In recent years, advocates note, new laws have been passed to help victims of domestic violence, but some landlords don’t know about—or respect—those laws. One of the most important, says the YWCA’s Hennessey, is a new state law that allows survivors to break their lease in 14 days with a court order.
“I’ve had a number of landlords say that a 14-day lease break for survivors of DV is not something that can be utilized,” Hennessey says. “Obviously it can, because it’s part of the revised statutes in Oregon. I’m not asking for a favor.”
Another law passed locally in recent years protects survivors by making it illegal for landlords to charge survivors for damages to an apartment, or try to “steer” a victim toward a certain apartment. But Hennessey says that still happens.
“Laws change pretty quickly, and there’s been a number of significant changes in the last three years, both at the state and local level,” she says.
When the Gateway Center for Domestic Violence Services opened in 2012, it soon became a hub for the metro area, featuring walk-in access, navigators, security and a video conference link to Multnomah County Circuit Court, which now issues more restraining orders each year than the downtown courthouse.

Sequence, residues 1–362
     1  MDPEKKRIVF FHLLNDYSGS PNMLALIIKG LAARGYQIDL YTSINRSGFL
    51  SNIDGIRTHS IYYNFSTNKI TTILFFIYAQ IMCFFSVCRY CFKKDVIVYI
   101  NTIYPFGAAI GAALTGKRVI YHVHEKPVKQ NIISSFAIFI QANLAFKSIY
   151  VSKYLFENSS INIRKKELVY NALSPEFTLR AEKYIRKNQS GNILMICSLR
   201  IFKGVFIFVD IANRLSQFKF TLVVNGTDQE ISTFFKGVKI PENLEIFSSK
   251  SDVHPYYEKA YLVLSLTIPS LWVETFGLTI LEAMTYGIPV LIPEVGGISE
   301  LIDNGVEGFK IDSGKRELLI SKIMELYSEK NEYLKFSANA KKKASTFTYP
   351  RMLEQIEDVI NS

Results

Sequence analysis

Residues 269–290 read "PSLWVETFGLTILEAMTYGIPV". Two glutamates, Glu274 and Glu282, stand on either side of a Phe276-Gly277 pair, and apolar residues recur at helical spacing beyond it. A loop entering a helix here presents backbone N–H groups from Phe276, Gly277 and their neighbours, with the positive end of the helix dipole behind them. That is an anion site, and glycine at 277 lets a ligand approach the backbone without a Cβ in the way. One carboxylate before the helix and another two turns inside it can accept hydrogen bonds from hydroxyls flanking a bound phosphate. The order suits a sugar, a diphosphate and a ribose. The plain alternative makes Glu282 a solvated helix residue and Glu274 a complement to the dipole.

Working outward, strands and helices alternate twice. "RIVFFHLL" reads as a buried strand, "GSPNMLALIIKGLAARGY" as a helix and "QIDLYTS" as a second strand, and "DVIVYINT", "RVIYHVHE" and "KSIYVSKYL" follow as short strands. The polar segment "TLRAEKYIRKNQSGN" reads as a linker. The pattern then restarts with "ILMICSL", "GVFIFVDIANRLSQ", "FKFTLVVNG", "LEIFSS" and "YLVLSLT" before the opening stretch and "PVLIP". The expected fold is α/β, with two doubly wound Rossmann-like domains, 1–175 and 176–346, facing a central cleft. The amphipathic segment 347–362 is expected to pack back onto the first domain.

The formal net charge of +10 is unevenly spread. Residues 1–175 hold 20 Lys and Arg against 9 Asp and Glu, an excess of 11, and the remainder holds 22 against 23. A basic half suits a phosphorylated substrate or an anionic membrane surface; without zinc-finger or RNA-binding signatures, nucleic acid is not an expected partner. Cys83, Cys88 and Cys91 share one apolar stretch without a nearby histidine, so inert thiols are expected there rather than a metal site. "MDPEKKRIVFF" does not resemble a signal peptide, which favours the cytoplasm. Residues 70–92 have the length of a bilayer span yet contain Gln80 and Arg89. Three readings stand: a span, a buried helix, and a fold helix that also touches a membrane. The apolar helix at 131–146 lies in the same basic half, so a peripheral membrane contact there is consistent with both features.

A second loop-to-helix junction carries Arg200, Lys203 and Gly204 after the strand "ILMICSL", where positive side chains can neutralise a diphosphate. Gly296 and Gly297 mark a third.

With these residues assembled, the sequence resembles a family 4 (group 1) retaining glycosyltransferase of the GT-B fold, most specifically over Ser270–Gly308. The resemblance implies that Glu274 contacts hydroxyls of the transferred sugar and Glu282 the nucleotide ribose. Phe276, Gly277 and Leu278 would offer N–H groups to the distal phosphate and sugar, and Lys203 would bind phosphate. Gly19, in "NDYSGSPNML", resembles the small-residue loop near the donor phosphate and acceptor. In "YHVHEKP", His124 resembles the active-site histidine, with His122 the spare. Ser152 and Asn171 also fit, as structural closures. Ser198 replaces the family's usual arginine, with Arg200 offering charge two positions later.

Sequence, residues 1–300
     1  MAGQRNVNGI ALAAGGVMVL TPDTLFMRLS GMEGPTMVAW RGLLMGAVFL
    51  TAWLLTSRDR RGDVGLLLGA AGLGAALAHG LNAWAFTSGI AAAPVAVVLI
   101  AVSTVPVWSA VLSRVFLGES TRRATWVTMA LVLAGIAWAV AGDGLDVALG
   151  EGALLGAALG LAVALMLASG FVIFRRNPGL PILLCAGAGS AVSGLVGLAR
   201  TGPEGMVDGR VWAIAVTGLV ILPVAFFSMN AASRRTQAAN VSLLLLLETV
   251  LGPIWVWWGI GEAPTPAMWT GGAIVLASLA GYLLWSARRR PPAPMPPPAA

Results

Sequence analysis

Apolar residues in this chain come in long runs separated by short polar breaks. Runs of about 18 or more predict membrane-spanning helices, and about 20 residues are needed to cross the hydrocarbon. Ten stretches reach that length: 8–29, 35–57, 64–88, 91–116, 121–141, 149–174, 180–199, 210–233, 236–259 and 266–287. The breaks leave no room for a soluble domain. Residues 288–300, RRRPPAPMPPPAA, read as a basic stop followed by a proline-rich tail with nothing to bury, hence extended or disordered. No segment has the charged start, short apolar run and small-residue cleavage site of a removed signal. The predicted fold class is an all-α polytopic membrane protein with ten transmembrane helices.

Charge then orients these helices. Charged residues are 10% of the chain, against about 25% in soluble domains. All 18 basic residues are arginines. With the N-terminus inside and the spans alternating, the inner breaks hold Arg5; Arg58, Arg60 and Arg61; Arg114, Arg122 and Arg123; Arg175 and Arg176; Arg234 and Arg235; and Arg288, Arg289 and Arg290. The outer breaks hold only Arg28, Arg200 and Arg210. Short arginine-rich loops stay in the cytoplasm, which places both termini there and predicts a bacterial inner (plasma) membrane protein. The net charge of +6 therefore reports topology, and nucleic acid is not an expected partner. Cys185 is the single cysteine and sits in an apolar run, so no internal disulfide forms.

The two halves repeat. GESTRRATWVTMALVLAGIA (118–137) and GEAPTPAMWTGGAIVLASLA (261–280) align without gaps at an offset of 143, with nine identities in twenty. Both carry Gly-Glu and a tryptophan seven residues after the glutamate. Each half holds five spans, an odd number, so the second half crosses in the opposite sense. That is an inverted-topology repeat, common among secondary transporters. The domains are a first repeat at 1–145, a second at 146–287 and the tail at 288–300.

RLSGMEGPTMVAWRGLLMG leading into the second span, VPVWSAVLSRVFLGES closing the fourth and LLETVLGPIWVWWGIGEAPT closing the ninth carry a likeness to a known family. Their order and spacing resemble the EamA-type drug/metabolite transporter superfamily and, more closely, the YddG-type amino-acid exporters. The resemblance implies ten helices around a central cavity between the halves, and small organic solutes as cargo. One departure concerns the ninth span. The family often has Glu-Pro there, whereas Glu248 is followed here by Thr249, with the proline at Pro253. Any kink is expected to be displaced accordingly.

“This one was a home run, I think,” says City Commissioner Dan Saltzman, who pushed for the center.
Gateway’s executive director, Martha Strawn Morris, says it will see between 2,000 and 2,200 survivors this year alone. “Between 17 and 20 percent will identify as wanting a change in their housing situation,” she says — 430 in all.
For Eve and Jessica, it’s possible such services saved their lives.
Eve turned to alcohol as a result of physical abuse, including stitches, bruises, black eyes and “trouble walking.” After a DUII, Eve spent six months of inpatient rehab at LifeWorks NW’s Project Network, and three months at a Salvation Army shelter.
Having a safe, reliable place to live helped Eve start her life over. She’s off probation and says she’s completed her college degree. “I obtained employment, I was able to stabilize myself,” she says. “I’ve hit the ground running.”